قالب وردپرس درنا توس
Home https://server7.kproxy.com/servlet/redirect.srv/sruj/smyrwpoii/p2/ Science https://server7.kproxy.com/servlet/redirect.srv/sruj/smyrwpoii/p2/ Dying coral reefs become vibrant neon colors in the bright last attempt to survive

Dying coral reefs become vibrant neon colors in the bright last attempt to survive



For years, coral reef the whole world is broken by mass bleaching events as the oceans continue to warm up due to climate change. Corals stand little chance of bouncing back from these events – but a new study suggests they have an unusual way of survival: getting a vibrant neon color.

When bleaching occurs, extended heat spikes cause corals to become white, often leading to their demise. But “colorful bleaching” has the opposite effect: dying corals get more pigments, and glow in shades of bright pink, purple and orange.

Scientists first discovered the mysterious neon coral a decade ago, but they do not know why it happened. This study, published Thursday in the journal Current Biology, suggests that corals will change color as a last ditch effort live.

Richard Vevers / The Ocean Agency / XL Catlin Seaview Survey
Colorful bleaching of Acropora corals in New Caledonia.

Richard Vever / The Ocean Agency / XL Catlin


Coral animals are symbolically grouped together with small algae, giving them habitat, nutrients and carbon dioxide in exchange for their photosynthetic powers. Even slightly increasing at yearly ocean temperatures could jeopardize this relationship, expelling algae from coral tissue and exposing its white outline. After the coral is exposed, it often breaks down and dies, changing the ecosystem for the different lifestyles it relies on.

Researchers at the University of Southampton’s Coral Reef Laboratory studied 15 vibrant bleaching events around the world between 2010 and 2019 – including one on the Great Barrier Reef, the world’s largest coral reef system – and inhaled ocean temperatures in a lab. They found that colorful bleaching events occur when corals produce “what is effective as a layer of sunscreen” on their surface to protect against harmful rays and create a glowing belief believed by the Researchers who encourage algae to return.

The Ocean Agency described the process as a “chilling, beautiful and heart-warming” final shout for help as the fences attempted to capture the algae’s attention.

“Our research shows that vibrant bleaching involves a mechanism of self-regulate, a so-called optical feedback loop, that involves both partners of symbiosis,” lead researcher Professor Jörg Wiedenmann of the University of Southampton said. said in a press release. “The resulting layer of sunscreen will subsequently promote the return of the symbols. As the recovering algal population begins to obtain light for their photosynthesis, the levels of light within the coral will decrease and coral cells lower the production of colorful pigments to their normal levels. “

20-26-acropora-corals-color-bleaching-phillipines-2010-credit-ryan-goehrung-university-of-washington-web-jpg-sia.jpg
Colorful firing Acropora corals in the Phillipines.

Ryan Goehrung, University of Washington


Coral reefs support more species per unit area than other marine environments, including about 4,000 fish species, 800 species of hard corals and potentially millions of other undiscovered species species, according to the National Oceanic and Atmospheric Administration. Disruptions in coral reefs have a significant impact on ocean ecosystems.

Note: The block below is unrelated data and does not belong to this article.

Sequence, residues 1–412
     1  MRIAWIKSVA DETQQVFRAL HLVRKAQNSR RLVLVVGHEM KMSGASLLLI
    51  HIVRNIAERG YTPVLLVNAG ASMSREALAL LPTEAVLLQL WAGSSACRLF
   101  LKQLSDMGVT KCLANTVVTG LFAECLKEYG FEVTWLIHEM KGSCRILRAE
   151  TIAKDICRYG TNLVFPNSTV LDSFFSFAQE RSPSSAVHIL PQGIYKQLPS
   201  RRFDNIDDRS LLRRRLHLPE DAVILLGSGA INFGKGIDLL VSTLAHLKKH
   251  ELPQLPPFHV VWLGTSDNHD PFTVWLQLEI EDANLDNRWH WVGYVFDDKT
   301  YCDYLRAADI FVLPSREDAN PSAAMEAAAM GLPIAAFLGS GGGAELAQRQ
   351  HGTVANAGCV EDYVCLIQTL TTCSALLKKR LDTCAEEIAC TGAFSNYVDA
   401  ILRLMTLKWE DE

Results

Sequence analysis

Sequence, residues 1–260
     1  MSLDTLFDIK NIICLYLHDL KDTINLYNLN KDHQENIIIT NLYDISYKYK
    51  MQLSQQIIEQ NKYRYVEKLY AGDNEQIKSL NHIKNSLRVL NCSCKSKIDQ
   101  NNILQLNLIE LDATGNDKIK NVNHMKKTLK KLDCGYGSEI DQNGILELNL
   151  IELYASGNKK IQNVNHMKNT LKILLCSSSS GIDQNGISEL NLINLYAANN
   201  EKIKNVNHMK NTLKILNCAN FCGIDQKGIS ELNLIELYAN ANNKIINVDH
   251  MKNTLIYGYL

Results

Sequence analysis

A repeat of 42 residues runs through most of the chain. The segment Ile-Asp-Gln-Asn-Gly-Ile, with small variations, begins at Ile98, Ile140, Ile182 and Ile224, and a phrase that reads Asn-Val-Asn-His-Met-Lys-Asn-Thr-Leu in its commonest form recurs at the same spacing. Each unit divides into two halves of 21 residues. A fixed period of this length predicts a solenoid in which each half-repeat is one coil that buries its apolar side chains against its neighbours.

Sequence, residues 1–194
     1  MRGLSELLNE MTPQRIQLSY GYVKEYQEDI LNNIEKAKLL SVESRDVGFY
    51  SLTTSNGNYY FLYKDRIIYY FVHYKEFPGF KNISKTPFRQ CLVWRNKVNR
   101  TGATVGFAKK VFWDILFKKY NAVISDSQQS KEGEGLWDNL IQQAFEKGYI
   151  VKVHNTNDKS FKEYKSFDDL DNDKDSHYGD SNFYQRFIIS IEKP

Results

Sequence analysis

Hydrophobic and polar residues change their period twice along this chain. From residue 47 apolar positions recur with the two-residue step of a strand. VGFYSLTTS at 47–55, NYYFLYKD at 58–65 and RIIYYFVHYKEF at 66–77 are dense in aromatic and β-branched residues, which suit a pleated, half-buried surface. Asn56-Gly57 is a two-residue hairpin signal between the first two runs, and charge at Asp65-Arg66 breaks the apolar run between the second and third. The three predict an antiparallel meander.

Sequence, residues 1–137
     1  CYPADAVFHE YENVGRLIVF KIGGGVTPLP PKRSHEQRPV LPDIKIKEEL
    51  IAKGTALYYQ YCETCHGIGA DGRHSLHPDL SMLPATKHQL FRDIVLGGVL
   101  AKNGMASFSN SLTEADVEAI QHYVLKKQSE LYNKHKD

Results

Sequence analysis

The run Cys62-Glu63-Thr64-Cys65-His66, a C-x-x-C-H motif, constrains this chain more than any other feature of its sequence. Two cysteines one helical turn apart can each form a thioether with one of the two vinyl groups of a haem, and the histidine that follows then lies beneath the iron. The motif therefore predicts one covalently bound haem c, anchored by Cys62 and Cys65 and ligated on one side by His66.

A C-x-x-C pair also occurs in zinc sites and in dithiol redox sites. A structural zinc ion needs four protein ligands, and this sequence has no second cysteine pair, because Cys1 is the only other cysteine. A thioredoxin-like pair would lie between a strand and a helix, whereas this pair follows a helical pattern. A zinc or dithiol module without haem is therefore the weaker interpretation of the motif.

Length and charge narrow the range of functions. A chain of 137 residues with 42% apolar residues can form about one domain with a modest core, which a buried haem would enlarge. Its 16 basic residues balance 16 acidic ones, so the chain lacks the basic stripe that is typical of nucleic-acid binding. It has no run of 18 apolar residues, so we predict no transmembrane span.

It is not just warming the oceans that causes colorful bleaching. Researchers say changes in the level of nutrition within coral reefs due to runaway policies from farms have also led to bleaching events – a problem that can be fixed at the local level.

Experts only believe in fences that face mild or short-term, rather than intense mass bleaching events, you can try to save yourself using this process. These corals may still undergo some of their normal functions for a short time as they expect algae to return – while severe changes in ocean temperatures almost always lead to coral deaths.

Reports of colorful bleaching during the latest bleaching event on the Great Barrier Reef in March and April have given scientists hope that system patches have a chance to recover.

“Bleeding is not always a death sentence for corals, coral animals can still be alive,” Dr. Cecilia D’Angelo, a lectular coral biology lecturer at the University of Southampton. “If the fatigue event is mild enough, corals can re-establish symbiosis with their algal partner.”

file-20200520-152284-1bobeo1.jpg
Internal changes that allow for colorful bleaching to occur.

Jörg Wiedenmann, Elena Bollati & Cecilia D’Angelo / University of Southampton, Palawan colorful bleach by Ryan Goehrung / University of Washington


Bleeding events have been few and far between, but they occur almost every year. In 2017 alone, nearly half of the corals on the Great Barrier Reef died – and experts say we are running out of time to save them.

“Unfortunately, recent stages of global firing caused by unusual hot water have resulted in high coral mortality, leaving the world’s coral reefs struggling to survive,” D’Angelo said. .

Scientists emphasize that while vibrant bleaching is a good sign, only a significant reduction of greenhouse gases worldwide – in addition to improving local water quality – can save coral reefs beyond the century this.

“Now that we know that nutritional levels can affect colorful bleaching too, we can more easily identify cases where heat stress can be aggravated by poor water quality,” say the researchers. “It can be managed locally, while ocean heat waves caused by climate change need global leadership. Together, these actions could save a future for coral reefs.”


Source link